Obama administration fights reversal of offshore drilling ban

The Obama administration is seeking to reverse a recent court ruling that overturned its six-month ban on offshore oil drilling following the Deepwater Horizon incident.

Offshore staff

NEW ORLEANS – The Obama administration is seeking to reverse a recent court ruling that overturned its six-month ban on offshore oil drilling following the Deepwater Horizon incident.

A submission by Ken Salazar, interior secretary, to the federal appeals court in New Orleans challenges a June 22 ruling by Martin Feldman, a Louisiana federal judge, that the ban on deepwater drilling in the Gulf of Mexico was too broad. His judgment was in a case brought by offshore industry companies that opposed the ban.
Even if the appeals court decision upholds Mr. Feldman’s ruling, the government can still use bureaucratic procedure to further delay drilling while it probes the safety of the offshore industry, an industry spokesman said on July 8.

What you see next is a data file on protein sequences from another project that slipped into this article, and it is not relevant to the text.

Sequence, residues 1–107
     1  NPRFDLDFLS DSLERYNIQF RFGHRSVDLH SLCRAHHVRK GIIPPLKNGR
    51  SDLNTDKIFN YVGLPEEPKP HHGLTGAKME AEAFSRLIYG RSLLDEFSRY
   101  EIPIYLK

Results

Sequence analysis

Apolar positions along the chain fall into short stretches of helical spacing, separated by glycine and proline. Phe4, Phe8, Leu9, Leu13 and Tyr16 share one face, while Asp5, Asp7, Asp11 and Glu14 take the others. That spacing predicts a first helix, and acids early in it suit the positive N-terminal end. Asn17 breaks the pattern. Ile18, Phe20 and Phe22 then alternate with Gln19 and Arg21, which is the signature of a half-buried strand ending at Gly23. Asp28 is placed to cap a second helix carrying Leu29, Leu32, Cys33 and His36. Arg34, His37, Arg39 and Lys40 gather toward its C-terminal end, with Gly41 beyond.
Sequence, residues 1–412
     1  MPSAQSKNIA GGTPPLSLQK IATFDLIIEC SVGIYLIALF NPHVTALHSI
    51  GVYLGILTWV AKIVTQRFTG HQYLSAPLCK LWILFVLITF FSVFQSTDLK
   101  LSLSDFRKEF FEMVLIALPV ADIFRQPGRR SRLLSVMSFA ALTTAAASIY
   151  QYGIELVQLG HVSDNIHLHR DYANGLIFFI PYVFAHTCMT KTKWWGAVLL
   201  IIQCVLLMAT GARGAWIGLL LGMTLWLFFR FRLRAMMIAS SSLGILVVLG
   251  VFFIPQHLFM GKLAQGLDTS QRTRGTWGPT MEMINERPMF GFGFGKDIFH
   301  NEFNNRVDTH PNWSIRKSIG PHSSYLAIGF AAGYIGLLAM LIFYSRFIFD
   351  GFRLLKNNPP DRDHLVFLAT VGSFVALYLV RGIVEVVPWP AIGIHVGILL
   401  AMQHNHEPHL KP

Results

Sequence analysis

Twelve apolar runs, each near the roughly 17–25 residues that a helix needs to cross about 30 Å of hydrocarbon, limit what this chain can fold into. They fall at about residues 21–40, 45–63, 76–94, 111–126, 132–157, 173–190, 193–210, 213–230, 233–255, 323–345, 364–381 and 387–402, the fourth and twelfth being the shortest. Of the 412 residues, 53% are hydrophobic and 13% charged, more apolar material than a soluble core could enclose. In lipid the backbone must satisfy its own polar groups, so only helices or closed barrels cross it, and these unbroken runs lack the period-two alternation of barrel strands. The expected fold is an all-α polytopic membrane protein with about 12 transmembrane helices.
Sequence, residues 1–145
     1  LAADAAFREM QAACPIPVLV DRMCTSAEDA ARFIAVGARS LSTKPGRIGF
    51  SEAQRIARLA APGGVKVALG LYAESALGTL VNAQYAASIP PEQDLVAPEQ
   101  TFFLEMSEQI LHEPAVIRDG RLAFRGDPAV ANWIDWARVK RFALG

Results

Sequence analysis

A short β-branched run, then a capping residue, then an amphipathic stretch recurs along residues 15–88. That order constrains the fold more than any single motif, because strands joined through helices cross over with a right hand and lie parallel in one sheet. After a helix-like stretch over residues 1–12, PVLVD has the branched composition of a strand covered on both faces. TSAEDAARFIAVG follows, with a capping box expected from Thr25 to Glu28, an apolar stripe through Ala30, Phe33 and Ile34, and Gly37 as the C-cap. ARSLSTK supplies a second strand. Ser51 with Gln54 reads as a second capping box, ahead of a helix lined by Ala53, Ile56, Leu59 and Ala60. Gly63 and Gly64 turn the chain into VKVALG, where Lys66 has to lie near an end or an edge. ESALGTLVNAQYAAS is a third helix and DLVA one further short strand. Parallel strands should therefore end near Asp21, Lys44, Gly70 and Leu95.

Lee Hunt, president of the Houston-based International Association of Drilling Contractors, said that the administration had told the industry it would introduce a new, more tightly targeted moratorium if it lost its appeal. That meant that 33 rigs that had halted work until the legal issue was resolved were unlikely to resume immediately even if the government lost its case, he said.

Hunt also said that as a result of a re-organization of federal regulation of the industry following the spill, the permitting process had slowed and there was a “moratorium by indecision” that was having a knock-on effect even on shallow-water drilling.

The moratorium has been widely condemned in Louisiana and other Gulf Coast states affected by the spill. Politicians say it will cause local job losses and encourage deepwater drillers to move operations to other regions such as Brazil and Africa. The state of Louisiana has told the court that the drilling industry is worth $3 billion annually to its economy.

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